Assessing the Impact of Economic Evidence on Policymakers in Health Care - A Systematic Review by U S Department of Heal Human Services, Agency for Healthcare Resea And Quality (Paperback / softback, 2013)
Ecomic evidence contributes to the organization of efficient health care and to the promotion of the best health outcomes within budgetary constraints. Despite some inherent limitations, its importance has increased across the globe amid growing concern over the rise in the costs of health care. In the United States, this is coupled with a Federal presence in health policy regulation and financing, leading to reconsideration of the role of ecomic and clinical evidence in decisionmaking by leading actors. In the United States, the comparative effectiveness of medical interventions undergoes rigorous evaluation. However, there is limited use of ecomic data in comparing health interventions and creating rational policy in the United States when compared with best practices in other high-income countries. This is despite repeated calls for integrating ecomic evaluation data routinely into the U.S. health care policy process. The ecomic evidence about health care interventions refers to such characteristics as cost, price elasticity, efficiency, and value data, either collected empirically or synthesized in ecomic modeling.19 Ecomic evaluation combines ecomic data, such as cost-utility ratios, net monetary benefit, and total budget impact estimates, leading to summary ecomic information on the characteristics of interventions. Examples are a cost-utility ratio, a cost-effectiveness ratio, the net monetary benefit, or a total budget impact estimate. Cost-effectiveness analysis is a specific type of formalized ecomic evaluation commonly used in the consideration of ecomic evidence in health care. It typically focuses on the incremental changes in costs and health benefits after the introduction of a medical intervention as compared to an initial situation, and is meant to aid rational decisionmaking. This type of analysis has become the most common mechanism for generating ecomic evidence in decisionmaking both inside and outside the United States. Evidence from systematic reviews of clinical outcomes presently plays an established role in determining the comparative effectiveness of medical interventions and is useful in developing clinical practice guidelines, making efficacy-based coverage decisions, and in formulating general health policy. The processes of searching for and summarizing the results of studies have been standardized with the goal of demonstrating clinical efficacy and effectiveness in a uniform way, using all available information. Systematic reviews may also be valuable in evaluating the ecomic impact of introducing interventions. Around the world, standardized guides have been developed to conduct state-of-the-art ecomic evaluations, to include ecomic data in systematic reviews, to systematically review ecomic data, and to use systematic reviews to inform ecomic evaluations. In the United States, however, the systematic inclusion of ecomic outcomes and the review of ecomic data in systematic reviews to inform health policy is t standardized as is already the case for clinical outcomes.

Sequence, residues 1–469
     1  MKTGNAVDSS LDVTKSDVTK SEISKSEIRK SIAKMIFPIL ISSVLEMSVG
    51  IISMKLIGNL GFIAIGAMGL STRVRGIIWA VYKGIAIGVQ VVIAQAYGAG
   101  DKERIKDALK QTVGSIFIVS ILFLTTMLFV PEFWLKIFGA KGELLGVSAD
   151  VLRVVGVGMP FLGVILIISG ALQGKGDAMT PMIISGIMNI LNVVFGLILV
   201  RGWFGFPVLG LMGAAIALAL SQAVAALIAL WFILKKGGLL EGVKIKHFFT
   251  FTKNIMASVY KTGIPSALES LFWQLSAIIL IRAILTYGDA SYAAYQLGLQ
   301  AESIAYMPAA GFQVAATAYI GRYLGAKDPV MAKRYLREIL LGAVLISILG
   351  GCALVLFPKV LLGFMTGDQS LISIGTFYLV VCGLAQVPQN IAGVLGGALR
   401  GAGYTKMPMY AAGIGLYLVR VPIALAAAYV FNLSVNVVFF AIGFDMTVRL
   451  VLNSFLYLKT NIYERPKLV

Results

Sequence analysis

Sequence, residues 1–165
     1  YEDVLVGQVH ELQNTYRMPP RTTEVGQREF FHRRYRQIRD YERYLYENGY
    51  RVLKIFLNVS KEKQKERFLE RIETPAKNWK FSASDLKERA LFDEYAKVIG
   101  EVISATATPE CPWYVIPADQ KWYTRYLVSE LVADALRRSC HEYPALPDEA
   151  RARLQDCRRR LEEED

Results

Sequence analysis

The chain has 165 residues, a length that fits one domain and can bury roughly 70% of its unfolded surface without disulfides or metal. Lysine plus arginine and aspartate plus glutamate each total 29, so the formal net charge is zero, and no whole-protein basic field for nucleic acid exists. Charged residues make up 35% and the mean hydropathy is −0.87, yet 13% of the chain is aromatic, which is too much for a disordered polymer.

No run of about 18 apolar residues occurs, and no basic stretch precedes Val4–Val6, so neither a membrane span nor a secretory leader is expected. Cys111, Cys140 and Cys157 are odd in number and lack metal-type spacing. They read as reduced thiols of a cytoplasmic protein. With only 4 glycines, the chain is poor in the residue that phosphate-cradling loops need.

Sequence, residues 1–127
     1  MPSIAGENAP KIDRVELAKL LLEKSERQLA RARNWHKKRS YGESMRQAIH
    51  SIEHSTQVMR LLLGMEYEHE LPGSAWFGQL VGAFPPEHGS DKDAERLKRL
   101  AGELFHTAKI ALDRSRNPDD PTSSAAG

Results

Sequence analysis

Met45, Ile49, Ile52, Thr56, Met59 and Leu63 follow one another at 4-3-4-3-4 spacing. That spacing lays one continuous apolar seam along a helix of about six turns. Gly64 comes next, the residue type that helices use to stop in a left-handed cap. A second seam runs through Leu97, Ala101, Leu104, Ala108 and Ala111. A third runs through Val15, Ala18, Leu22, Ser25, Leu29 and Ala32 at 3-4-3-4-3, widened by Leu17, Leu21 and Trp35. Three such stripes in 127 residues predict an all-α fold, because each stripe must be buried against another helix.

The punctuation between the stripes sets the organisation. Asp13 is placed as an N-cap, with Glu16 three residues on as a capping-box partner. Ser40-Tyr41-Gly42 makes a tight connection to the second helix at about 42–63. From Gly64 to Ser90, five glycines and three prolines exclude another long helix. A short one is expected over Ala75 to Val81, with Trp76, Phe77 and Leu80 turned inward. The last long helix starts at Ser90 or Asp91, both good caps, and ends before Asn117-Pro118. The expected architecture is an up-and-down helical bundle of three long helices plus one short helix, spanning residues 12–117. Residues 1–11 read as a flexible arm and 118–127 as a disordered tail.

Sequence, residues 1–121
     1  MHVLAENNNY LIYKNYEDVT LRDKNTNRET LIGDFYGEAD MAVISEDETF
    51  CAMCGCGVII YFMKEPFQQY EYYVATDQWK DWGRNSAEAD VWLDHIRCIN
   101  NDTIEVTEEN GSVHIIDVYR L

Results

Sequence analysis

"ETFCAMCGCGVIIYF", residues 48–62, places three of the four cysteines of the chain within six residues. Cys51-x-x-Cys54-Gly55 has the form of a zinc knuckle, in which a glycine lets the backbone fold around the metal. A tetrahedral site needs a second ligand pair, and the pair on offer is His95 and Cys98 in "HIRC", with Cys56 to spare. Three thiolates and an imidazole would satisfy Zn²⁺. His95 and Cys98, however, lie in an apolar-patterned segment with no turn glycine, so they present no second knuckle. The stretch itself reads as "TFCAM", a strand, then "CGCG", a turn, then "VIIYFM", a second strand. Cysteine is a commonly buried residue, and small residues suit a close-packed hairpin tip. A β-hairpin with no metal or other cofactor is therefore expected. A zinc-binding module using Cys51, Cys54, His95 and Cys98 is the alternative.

Agency for Healthcare Resea And Quality, U S Department of Heal Human Services